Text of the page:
Vislor Turlough wrote:OK, I’m English, so I’m not exactly impartial here – y’know, full of nostalgia for the lost glories of Empire –
The English Empire back then may have seemed glorious, but in order to keep it, you had to take care of a whole countries of people who you don't know, and come up with more practical strategies to make sure they're happy so they won't find an excuse to kill more filthy English (Excuse the "filthy" part. My inner Highlander likes to come out now and again to sound like a Braveheart Scott on the matters of the English, though I love English culture). Of course, there's the argument that when the English was in control of India and others, the hatred for English distracted the colonial subjects from their religious and cultural feuds. Still, as Orwell pointed out in his essay "Shooting an Elephant," English colonialists, as well other European colonialists, were trapping themselves as colonial powers by constantly having to show their colonial subjects why they are supreme. I don't think I can handle kind of responsibility. Some nations still try to maintain control over others, and some still use brute force in order to maintain it.
and I have no time for the sandal-wearing, tree-hugging, statist, tax-loving, Guardian-reading Left
What kind of Left-wing people have you met? The "sandal-wearing" part sounds like something Mr. Burns' father used to say about the Japanese, or "Those sandal-wearing goldfish tenders."
I don't know about the "statist" part, either. Liberal progressives tend to be more anarchic and defiant of the state. Do you think they would defy the status quo if they were statist.
The "tax-loving" part even makes less sense. Left-wingers are more concerned with protecting the rights of individuals and the marginalized than with taxes. Raising of taxes is more a financial-economic thing than a Left-wing thing. No one loves taxes, but having a competent tax system is necessary for a nation's wellbeing. The tax system is so unbalanced in the U.S., that there's a lot of disparity between the heavy-duty wealthy and the rest. We don't have an infinite reserve, as some people like to think. I'm not suggesting that we go with the impractical tax system which the new French president has employed (which ended up scaring away a lot of wealthy French citizens, including Gerard Depardieu), but at least have it be 30% taxes on the super wealthy. That's only fair, and it won't scare them off.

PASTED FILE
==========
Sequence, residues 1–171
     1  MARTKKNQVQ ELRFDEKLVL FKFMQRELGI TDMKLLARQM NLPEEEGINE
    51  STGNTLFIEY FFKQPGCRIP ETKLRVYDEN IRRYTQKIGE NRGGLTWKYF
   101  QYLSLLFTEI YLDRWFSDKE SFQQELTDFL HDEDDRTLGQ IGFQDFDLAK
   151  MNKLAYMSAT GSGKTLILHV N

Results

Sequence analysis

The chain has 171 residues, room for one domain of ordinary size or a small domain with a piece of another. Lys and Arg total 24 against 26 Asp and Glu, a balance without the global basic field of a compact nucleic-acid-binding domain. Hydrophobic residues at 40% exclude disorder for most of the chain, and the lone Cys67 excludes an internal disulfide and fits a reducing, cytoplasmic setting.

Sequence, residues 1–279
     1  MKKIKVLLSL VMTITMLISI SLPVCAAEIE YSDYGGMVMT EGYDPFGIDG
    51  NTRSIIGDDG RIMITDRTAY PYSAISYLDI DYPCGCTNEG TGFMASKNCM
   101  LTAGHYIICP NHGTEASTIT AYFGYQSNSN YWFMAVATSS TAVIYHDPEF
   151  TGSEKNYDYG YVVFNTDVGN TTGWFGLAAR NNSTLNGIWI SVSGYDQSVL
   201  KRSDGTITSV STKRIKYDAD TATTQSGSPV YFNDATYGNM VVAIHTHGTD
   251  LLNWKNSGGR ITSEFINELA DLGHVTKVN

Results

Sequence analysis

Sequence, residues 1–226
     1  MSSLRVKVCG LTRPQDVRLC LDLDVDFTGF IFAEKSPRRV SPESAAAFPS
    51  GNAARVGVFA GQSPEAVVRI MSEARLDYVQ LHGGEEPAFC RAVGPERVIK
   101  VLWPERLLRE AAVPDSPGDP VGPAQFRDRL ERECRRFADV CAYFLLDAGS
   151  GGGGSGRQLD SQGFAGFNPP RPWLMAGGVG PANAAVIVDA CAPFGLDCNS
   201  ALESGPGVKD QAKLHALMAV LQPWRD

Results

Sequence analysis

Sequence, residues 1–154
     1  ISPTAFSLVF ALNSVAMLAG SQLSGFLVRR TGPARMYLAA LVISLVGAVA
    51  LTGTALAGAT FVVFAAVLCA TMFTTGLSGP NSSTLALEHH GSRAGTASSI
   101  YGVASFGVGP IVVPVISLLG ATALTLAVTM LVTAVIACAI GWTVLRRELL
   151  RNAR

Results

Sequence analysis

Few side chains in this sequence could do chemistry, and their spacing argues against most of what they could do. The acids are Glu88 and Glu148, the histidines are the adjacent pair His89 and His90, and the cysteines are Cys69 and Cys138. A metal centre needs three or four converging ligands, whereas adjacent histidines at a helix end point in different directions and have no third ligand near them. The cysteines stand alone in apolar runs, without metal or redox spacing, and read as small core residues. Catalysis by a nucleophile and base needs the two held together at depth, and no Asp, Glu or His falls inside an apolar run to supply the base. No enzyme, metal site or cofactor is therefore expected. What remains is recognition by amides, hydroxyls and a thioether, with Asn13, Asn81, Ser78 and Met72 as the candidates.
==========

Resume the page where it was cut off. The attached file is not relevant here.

I never read the Guardian either (me being a bloody Yank), but I'm sure it had good articles... I guess.
. . . in short, I am biased . . . but now that Alec Salmond has released the SNP’s White Paper for Scottish Independence, my low-level sense of disquiet at the prospect of a successful “Yes” vote has hardened into outright fear . . . because the flippin’ SNP wants to keep the £ . . . this would be a disaster for all concerned: Scottish, English, Welsh, Northern Irish – because the only example of a currency union we can refer to for a rough idea of how things might work out is the Euro. Yeah, that powerhouse of economic strength & stability, that towering examplar of fiscal rectitude, that paragon of coinage! All sorts of different sovereign polities sharing the same currency without sharing the same fiscal & monetary policies is a recipe for recession, mass unemployment & sharply reduced living standards. Fine, be independent, watch your fragile economy tank like a bitch without huge subsidies from Westminster, but if you think you can keep the £ so you can drag us down with you – think again, sunshine. It’d be worth letting them keep their share of the assets without taking their share of the debts just to avoid a shared currency.
Maybe haggis could be the new currency? Nah, I kidd. I'd have to look into this some more to understand the whole currency thing.
To put my comments in context: if I were an American, I’d vote for Ron Paul.
He seems mild in comparison to his colleagues, but he's not that much different. He's in favor of the gold standard, which would be catastrophic for the U.S. or any country to go on. There's not enough gold to back up all the currency we have. And even though some people debate this point, the gold standard helped bring about the Great Depression. Don't look to some of our U.S. politicians as examples of model leaders. They are often very ignorant about finance and history, and their ideas on what the country should be like are based on assumptions and idealizations. We're a little more Harkonnen than we are Atreides at varying intervals.
ErasOmnius wrote:Can't find it on youtube, but I just saw a LOTR documentary on Netflix that compared Aragorn at the Battle of Helm's Deep, to Braveheart at the Battle near Sterling Castle. Seems a bit far-fetched.
The Battle of Helm's Deep is more a what-if scenario if the early English, the Anglo-Saxons under King Harold II, were able to effectively fight back against the Normans during the Battle of Hastings. Tolkien believed if the Anglo-Saxons had horses like the Normans, they would have won. Granted, most of the Battle of Helm's Deep involves keeping the attackers at bay behind fortification without much horse use, but I recall Sarumaun's Orcs get flanked by Gandalf and the rest of the Rohirrim cavalry.